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NCJRS Abstract

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NCJ Number: 69657 Find in a Library
Title: Public Education Program Designed to Increase the Accuracy and Incidence of Citizens' Reports of Suspicious and Criminal Activities
Journal: Journal of Police Science and Administration  Volume:8  Issue:2  Dated:(June 1980)  Pages:160-165
Author(s): D E Frinell; E Dahlstrom; D A Johnson
Date Published: 1980
Page Count: 6
Format: Article
Language: English
Country: United States of America
Annotation: This study aimed to ascertain if the public media could be useful for encouraging citizens to report suspicious and criminal activities and for instructing them on how to provide accurate and complete reports.
Abstract: A community newpaper was used to present some statistics on crimes, a plea for more citizen involvement in crime reporting, descriptions of suspicious or criminal activities, and explanations of ways to identify victims and to report characteristics of the event, with a telephone number for reporting such events. The newspaper was issued to a residential community of about 50,000 people in Southern California to see if instructing the citizens of what details they should note would result in more accurate and complete descriptions and if encouraging the citizens to report and providing information on how to report would result in an increase in phone calls to local law enforcement agencies. This public education program appears to have been successful. The message given to the citizens increased the accuracy of reporting important characteristics of suspects in a controlled experiment using photographs. Once the information was learned, there was a very slow rate of memory loss. The program was also successful in increasing the number of calls of suspicious and criminal activity. Even though there was a decrease in the number of crimes for the month the test was in progress, there was a 77 percent increase in the number of calls. Any noticeable decrease in the crime rate would not be expected unless this type of program were carried out in all contiguous communities in a given area. Flaws in the interpretation of this study suggest that further studies might concentrate on whether reports filed in the field are significantly more complete after the person was exposed to the public education message, and if so, whether this actually helped the police officers to apprehend a greater proportion of the alleged criminals. Tables illustrate the findings, and footnotes are included.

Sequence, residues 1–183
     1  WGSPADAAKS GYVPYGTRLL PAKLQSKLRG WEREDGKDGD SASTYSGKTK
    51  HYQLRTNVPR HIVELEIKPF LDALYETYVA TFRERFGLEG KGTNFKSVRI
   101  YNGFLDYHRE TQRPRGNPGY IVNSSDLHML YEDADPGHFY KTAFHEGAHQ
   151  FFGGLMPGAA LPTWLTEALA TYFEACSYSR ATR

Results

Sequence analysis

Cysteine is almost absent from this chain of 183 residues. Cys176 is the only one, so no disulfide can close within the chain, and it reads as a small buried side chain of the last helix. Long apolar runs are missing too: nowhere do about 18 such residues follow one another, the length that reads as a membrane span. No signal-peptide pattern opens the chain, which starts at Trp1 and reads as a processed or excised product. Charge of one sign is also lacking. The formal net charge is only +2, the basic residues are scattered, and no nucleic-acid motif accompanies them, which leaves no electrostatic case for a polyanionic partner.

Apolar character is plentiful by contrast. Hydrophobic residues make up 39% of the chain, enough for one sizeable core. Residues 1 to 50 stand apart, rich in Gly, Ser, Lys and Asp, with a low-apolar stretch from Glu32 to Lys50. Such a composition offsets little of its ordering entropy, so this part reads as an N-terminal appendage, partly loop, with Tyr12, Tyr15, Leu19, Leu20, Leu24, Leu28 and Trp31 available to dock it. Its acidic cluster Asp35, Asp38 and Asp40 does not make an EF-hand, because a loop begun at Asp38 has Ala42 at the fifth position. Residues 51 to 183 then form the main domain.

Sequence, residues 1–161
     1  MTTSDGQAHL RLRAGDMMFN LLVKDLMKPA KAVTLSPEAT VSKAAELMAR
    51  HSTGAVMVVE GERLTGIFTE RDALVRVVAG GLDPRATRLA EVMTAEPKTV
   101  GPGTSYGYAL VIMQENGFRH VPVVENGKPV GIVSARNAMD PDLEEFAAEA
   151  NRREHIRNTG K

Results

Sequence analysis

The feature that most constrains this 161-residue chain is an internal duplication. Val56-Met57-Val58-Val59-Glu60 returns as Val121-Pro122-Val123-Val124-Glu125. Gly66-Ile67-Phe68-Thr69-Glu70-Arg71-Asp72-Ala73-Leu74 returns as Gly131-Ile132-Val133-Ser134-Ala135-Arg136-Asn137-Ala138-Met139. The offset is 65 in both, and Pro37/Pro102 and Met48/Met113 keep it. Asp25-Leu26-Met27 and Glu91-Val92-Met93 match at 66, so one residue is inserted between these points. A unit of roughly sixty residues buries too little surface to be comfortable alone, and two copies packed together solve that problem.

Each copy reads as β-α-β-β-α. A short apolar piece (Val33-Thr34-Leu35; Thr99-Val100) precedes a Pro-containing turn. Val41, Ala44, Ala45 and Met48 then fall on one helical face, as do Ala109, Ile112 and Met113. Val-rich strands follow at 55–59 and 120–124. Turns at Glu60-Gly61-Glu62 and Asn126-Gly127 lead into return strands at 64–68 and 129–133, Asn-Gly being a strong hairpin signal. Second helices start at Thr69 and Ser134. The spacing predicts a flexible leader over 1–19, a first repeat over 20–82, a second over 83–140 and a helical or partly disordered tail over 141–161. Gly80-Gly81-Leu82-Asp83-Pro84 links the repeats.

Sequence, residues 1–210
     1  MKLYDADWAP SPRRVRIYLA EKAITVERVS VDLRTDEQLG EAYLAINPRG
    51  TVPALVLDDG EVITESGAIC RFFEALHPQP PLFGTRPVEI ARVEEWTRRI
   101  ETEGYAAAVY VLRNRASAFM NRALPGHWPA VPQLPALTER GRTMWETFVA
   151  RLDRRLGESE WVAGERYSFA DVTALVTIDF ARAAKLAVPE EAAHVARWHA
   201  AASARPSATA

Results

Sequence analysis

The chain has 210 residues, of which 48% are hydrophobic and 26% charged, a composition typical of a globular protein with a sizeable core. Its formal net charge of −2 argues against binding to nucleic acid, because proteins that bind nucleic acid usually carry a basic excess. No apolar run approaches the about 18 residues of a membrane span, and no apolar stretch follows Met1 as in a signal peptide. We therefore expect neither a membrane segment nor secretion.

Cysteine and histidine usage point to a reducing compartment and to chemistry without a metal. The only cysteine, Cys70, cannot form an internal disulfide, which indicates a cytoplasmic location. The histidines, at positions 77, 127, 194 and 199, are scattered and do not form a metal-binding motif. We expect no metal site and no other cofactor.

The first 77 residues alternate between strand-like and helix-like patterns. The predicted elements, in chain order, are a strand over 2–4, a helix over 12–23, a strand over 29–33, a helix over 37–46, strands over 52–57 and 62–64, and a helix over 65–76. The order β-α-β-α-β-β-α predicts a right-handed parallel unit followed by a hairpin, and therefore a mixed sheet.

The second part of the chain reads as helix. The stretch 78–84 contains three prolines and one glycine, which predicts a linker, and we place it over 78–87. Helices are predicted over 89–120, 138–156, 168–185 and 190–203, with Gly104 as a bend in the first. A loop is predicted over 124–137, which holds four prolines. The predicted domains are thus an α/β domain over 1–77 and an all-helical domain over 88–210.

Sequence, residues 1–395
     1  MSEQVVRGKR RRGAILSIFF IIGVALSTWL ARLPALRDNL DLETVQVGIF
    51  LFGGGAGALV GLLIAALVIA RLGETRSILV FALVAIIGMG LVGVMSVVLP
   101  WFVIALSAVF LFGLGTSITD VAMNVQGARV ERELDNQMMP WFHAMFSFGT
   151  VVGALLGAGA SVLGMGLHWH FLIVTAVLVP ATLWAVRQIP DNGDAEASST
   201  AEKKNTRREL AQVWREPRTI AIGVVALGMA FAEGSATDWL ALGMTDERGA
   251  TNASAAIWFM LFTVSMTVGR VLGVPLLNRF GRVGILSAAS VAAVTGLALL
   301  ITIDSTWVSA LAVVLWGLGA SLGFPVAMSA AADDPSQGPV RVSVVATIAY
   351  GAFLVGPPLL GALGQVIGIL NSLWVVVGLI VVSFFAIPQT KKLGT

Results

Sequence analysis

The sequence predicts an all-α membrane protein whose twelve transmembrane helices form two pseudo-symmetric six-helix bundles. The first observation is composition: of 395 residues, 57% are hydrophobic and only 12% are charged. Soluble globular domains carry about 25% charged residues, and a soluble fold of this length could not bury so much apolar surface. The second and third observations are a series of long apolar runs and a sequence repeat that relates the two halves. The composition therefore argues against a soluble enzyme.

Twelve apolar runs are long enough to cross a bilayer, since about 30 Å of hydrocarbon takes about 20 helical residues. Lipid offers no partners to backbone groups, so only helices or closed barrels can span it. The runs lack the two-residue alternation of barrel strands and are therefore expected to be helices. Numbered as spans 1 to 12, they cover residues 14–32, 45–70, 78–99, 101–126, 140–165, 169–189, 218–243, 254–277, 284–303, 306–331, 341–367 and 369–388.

Index Term(s): California; Citizen crime reporting; Police community relations
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